The early 2000’s notion that Internet will eliminate the need for translators – or even the need to learn foreign languages at all – seems to get real in the next few years.
Going half a century back, on January 7th, 1954 the world witnessed the most famous machine translation(MT) demonstration, today is known as Georgetown-IBM experiment, the event showcased the power of machine translation- an IBM 701 translated more than 60 sentences from Russian to English, without any human intervention. The experiment was much publicized, leading to a widespread belief that MT would completely replace human translator with a few short years.
In countries like India, with its large linguistic diversity, it is quite essential in the age of Internet that the technology of machine translation(MT) for Indic-language scripts needs to be further explored, both as a matter of convenience for native users as well as a means to expand reach and scope of business.
India being the second largest Internet market, much of the population in the country is yet to come online. One of the reasons that continue to thwart their efforts, the world wide web is the huge language barrier. Most Indians are not proficient with English, and much of the web and apps made available to them is not available in their native vernacular languages.
This is the sad reality of emerging markets where the literacy rate is often poor and local infrastructure is not conducive to bridge that gap. It is also a major challenge for many firms, including Silicon Valley companies that are hunting for their next billion users in places like India. But few among them are also look at it as an opportunity to showcase their engineering talent.
Global internet giants like Facebook, Amazon, Google and Microsoft are developing advanced Artificial Intelligence(AI) program to cater to this demand. Facebook allows users to post content in more than 9 Indian languages while Amazon furnishes documentation and online support in Hindi for its Indian sellers. Google, the world’s largest search engine, supports a number of Indian languages, Microsoft provides e-mails in 15 Indian languages across its apps and services.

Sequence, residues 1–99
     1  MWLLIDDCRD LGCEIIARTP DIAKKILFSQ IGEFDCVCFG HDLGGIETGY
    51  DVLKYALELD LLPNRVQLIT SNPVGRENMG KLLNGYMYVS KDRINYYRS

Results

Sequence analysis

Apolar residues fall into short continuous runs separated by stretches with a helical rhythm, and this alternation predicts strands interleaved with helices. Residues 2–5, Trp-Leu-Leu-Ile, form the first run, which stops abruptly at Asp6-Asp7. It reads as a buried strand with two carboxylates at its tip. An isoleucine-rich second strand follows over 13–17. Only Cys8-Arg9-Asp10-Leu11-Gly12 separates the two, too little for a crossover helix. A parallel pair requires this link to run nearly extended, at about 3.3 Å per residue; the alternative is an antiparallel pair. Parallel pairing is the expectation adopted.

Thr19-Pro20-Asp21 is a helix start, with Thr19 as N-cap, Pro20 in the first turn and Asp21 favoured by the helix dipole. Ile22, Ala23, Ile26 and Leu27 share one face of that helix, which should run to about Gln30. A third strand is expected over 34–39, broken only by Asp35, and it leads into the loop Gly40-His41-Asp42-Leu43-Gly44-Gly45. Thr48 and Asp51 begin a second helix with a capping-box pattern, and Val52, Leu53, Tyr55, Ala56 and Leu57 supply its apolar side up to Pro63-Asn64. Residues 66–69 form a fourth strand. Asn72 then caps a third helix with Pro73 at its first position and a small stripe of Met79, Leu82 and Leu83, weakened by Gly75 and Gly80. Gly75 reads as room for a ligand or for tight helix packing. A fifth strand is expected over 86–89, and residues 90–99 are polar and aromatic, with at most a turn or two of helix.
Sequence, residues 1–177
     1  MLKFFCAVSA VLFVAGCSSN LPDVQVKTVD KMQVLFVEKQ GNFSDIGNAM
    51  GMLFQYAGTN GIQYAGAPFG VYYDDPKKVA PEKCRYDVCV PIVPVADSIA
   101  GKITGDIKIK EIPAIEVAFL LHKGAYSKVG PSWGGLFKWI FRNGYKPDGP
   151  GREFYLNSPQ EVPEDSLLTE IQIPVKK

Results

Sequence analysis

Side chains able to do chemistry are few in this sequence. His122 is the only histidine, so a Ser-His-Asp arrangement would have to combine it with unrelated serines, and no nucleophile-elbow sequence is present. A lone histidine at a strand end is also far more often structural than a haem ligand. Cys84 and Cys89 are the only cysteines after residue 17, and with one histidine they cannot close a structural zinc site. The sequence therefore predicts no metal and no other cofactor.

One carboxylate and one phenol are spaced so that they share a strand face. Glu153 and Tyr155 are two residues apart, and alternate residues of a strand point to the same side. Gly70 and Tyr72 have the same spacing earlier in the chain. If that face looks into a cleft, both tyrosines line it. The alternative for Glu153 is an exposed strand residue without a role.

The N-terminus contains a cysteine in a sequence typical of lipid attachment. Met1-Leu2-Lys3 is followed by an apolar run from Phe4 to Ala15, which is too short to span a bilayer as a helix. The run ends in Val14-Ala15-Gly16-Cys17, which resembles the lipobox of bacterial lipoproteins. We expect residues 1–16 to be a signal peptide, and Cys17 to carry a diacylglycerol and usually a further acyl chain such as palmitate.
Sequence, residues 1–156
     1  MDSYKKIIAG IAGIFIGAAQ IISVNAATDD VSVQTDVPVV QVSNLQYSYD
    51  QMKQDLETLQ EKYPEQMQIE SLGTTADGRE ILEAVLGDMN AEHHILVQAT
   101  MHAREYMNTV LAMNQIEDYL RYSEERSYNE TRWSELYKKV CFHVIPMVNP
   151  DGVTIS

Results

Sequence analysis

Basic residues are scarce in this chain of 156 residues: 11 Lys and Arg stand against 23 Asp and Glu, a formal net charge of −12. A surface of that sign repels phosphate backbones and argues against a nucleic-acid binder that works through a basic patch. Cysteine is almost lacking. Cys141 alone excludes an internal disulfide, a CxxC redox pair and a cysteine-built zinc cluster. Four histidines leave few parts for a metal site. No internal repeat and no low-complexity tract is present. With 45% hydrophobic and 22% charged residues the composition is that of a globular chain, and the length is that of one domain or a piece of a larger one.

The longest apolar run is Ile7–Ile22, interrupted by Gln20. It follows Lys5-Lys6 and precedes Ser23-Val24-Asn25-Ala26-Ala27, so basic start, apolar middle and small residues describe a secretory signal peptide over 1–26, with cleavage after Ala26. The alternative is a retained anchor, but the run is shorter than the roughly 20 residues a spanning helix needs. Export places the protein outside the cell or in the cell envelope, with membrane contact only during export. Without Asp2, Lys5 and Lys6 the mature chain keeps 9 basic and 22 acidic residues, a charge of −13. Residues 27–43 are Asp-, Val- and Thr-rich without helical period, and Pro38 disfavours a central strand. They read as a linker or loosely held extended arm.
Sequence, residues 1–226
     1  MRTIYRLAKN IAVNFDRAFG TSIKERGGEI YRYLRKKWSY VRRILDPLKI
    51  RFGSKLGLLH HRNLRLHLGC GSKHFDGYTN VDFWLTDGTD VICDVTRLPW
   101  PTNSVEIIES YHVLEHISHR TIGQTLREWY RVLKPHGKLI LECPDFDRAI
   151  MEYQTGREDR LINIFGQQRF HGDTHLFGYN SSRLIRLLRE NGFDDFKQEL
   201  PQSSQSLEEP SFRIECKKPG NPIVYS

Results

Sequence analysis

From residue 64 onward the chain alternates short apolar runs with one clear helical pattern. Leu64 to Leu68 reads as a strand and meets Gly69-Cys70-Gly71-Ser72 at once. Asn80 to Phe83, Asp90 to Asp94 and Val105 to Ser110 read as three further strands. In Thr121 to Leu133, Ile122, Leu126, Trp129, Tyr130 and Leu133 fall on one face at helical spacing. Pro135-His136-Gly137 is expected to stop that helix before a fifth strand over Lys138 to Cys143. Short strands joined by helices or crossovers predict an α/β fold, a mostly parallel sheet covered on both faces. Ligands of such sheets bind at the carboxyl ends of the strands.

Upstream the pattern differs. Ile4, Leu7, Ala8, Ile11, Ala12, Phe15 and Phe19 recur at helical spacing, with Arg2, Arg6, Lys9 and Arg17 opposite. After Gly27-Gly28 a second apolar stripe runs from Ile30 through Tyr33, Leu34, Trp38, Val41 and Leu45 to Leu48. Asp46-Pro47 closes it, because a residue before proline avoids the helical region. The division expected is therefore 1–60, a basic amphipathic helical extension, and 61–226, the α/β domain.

Today, Artificial intelligence (AI) has crept into numerous aspects of our lives, thanks to improvements in the field of machine learning, where computers ostensibly program themselves. This drive towards computer self-learning has led to major breakthroughs in our day-to-day interactions with machines, most notably the rise of digital home assistants such as Amazon Echo, and the recently launched Google Lens, which recognises objects based on visual cues from phone’s camera.
For instance, Google has developed Google Neural Machine Translation (GNMT) for translation from English to nine Indian languages. GNMT is better equipped to understand contextual differences and renders human-like speaking ability to the machines. Last year, Microsoft also announced the integration of Artificial Intelligence (AI) and Deep Neural Networks (DNN) to improve real-time language translation for Hindi, Bengali and Tamil.
As Natural Language Processing and Understanding (NLP/NLU) technologies further developed from text to now voice and speech synthesis, and as voice-based applications become commonplace, language localization needs and aiding AI & ML technologies will also evolve to speech-to-Text, NLU engines.
We have already started witnessing the early adopters. These include e-commerce giant’s Amazon’s Alexa being prepped up for Hindi, and the Google map Hindi voice guide.
Once neural network-based speech recognition engines turns mature for Indian vernaculars , they will find wide acceptance across applications including voice-based searching from web-based applications, query search on platforms of e-commerce, health, education, information media, entertainment, etc., video/audio transcription for subtitling and captioning, analysing audio for semantics and categorization, voice-based assistants.